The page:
Pakistan's Babar Azam has been in rare form for Pakistan.
Pakistan's Babar Azam has been in rare form for Pakistan. Martin Rickett

Australia v Pakistan: The match-ups that matter

PAKISTAN is desperate to end its tour Down Under on a bright note when it takes on Australia in a five-match ODI series, beginning in Brisbane on Friday.

And of the 22 men to line up at the Gabba in the first rubber, there's a handful who could decide the result off their own bat (or ball).

These are the head-to-head player match-ups that will define the ODI series.


Warner's numbers: 88 ODIs, 3579 runs at an average of 43.12, strike rate 95.46.

Azam's numbers: 18 ODIs, 886 runs at an average of 52.11, strike rate 93.55

Australia's explosive opener is in some seriously purple form with the willow. He hit scores of 119 and 156 in his two most recent ODI outings, against New Zealand last month. He followed those up with two centuries in five Test innings against Pakistan.

He's lost his top-order partner Aaron Finch, who was dropped from the squad, and will most likely find himself walking out with fellow lefty Usman Khawaja in the opening rubber on Friday.

Like Warner, Azam's recent ODI outings have borne fruit. The right-hander has hit three consecutive ODI centuries, all against the West Indies to lead Pakistan to a series victory late last year. Azam returned scores of 120, 123, and 117 in consecutive one-day outings during the three-match series.

And at just 22 years old he shapes as one of the country's most important short-form players. He'll likely be coming in at first or second drop.


Smith's numbers: 90 ODIs, 2880 runs at an average of 42.98, strike rate 87.83

Ali's numbers: 42 ODIs, 1568 runs at an average of 40.20, strike rate 75.60

While they may not line up directly in the batting order, the two skippers will lead from the front as each strives for a series victory.

Ali takes the armband from Misbah-ul-Haq who captained Pakistan during a tough three-match Test loss, and the assignment that awaits him is a daunting one.

The visitors sit eighth on the ICC's ODI rankings list while the Aussies sit pretty in first place, and Pakistan will need to pull something special out of the hat to cause a series upset before flying home.

Ali will carry the weight of the captaincy while also opening the batting for the visiting side. He'll be charged with seeing off one of the world's best quicks in Mitchell Starc, who has proven his ability to swing the white ball late at pace.

Ali compiled a stunning 205 not out against Australia in the MCG Test and bookended the series with scores of 71 and 71.

Smith, one of the world's best batsmen, hit two centuries during the Test series and, along with David Warner, will be a key wicket in Pakistan's hopes of a one-day victory.

Pakistan bowler Wahab Riaz is seen in the nets ahead of the Boxing Day Test in Melbourne, Saturday, Dec. 24, 2016. (AAP Image/Julian Smith) NO ARCHIVING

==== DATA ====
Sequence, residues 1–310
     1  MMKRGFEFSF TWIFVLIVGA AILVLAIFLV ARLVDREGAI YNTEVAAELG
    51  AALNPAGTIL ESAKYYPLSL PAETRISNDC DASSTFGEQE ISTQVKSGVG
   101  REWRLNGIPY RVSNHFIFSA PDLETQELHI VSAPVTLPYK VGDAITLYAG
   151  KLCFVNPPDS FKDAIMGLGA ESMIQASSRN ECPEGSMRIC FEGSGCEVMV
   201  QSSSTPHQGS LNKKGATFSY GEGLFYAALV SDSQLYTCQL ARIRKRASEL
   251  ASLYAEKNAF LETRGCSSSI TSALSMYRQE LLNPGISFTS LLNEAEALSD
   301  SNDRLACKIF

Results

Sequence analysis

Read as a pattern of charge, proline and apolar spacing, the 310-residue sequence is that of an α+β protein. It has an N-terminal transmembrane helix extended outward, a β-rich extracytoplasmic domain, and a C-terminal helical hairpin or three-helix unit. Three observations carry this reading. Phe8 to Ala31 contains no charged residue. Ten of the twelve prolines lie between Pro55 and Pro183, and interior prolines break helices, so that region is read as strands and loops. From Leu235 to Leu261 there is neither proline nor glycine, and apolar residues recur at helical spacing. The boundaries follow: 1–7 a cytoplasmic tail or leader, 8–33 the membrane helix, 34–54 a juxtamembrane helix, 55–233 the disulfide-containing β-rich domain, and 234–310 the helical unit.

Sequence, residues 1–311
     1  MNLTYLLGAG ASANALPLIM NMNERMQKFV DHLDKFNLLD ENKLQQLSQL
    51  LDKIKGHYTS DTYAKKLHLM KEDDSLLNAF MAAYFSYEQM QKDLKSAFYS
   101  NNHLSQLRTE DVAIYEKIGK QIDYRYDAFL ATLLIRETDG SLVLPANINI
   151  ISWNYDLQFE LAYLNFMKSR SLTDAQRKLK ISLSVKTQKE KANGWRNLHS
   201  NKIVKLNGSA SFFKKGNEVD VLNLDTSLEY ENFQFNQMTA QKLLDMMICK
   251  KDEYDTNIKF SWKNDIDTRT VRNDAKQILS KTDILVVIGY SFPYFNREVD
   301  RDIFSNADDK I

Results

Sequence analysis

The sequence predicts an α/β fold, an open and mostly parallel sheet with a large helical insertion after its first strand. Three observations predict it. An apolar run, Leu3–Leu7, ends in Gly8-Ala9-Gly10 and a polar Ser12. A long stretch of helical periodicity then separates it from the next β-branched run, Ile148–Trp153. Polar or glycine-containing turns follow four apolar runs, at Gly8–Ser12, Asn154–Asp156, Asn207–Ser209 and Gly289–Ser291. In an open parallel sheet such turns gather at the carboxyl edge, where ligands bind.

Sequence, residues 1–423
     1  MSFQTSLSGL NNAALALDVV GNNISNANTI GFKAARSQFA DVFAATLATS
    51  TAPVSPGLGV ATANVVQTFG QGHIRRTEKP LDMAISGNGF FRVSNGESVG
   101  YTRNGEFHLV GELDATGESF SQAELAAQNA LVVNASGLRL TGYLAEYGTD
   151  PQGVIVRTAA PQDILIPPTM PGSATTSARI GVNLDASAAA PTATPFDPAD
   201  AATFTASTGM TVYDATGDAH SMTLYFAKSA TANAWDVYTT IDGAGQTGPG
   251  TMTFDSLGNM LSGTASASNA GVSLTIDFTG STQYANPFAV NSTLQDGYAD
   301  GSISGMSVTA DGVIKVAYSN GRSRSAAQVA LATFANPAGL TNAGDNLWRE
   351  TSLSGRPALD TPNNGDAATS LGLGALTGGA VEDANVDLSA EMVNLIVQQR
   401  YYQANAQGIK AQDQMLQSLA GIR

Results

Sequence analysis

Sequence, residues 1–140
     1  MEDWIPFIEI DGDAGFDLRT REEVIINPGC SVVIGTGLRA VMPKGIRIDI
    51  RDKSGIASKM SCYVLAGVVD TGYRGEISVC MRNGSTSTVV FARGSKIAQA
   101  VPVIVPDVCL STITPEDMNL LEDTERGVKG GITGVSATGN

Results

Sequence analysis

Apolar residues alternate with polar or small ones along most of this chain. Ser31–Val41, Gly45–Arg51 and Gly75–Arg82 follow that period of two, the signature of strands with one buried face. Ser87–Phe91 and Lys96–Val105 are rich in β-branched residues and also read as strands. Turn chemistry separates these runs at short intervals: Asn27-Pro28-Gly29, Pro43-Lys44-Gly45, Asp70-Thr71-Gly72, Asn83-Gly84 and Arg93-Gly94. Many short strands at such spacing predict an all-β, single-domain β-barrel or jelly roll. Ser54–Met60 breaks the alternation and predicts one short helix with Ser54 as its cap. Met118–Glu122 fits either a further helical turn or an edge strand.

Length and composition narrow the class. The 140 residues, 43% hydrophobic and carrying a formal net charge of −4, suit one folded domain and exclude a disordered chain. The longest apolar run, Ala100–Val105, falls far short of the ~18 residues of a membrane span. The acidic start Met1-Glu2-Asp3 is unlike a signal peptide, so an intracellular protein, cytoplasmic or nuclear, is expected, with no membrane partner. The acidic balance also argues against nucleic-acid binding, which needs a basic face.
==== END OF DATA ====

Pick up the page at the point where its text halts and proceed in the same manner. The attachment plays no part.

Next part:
Pakistan bowler Wahab Riaz in the nets JULIAN SMITH


Starc's numbers: 59 ODIs, 116 wickets at an average of 19.66, economy 4.77

Riaz's numbers: 75 ODIs, 100 wickets at an average of 32.43, economy 5.57

The two big left-arm quicks will lead their respective sides' bowling attacks, at least while Josh Hazlewood sits out the series opener in Brisbane on Friday.

Starc played second fiddle to the in-form Hazlewood during the recent three-Test series against Pakistan, but his ability with the white ball makes him the most dangerous bowler on the planet.

His ODI bowling average of 19.66 is phenomenal, and his economy is better than Riaz's by almost one run per over bowled. Against New Zealand he took six wickets across three one-day matches.

Riaz, five years Starc's senior, will lead a Pakistan attack set a huge task of blunting the Australian top-order. He performed admirably during the Test series, taking first-innings figures of 4-89, 2-147, and 3-89 across the three matches.

His fast, hooping left-arm deliveries could cause damage to Australia's top-order lacking the experience of Aaron Finch and George Bailey.


Mailk's numbers: 240 ODIs, 6410 runs at an average of 34.64, strike rate 81.28; 152 wickets at an average of 38.01, economy 4.64

Faulkner's numbers: 61 ODIs, 921 runs at an average of 36.84, strike rate 108.22; 84 wickets at an average of 30.72, economy 5.49

Maxwell's numbers: 67 ODIs, 1763 runs at an average of 33.26, strike rate 125.74; 45 wickets at an average of 38.15, economy 5.52

Malik is the Pakistan veteran with a concrete resume built on 240 one-day internationals. He's a middle-to-top-order batsman whose offspin has reaped 152 ODI wickets - he is the jack of all trades. The only question is which Aussie all-rounder he will be pitted against.

It appears the Australians will select either Faulkner or Maxwell for Friday's series opener at the Gabba. There will unlikely be room for both of them in the side.

Both make a fair claim with the bat, which means it will come down to their bowling as to who gets the nod. Faulkner's right-arm medium pacers have bamboozled plenty of international batsmen in the past, and he could be used as a fourth seamer. Maxwell, on the other hand, throws down some offspin but his numbers aren't as good as Faulkner's at international level.

Respected commentator and former player Kerry O'Keeffe took a swipe at Maxwell's bowling action this week, and it could be the final nail in the Big Show's ODI coffin if selectors feel the same way.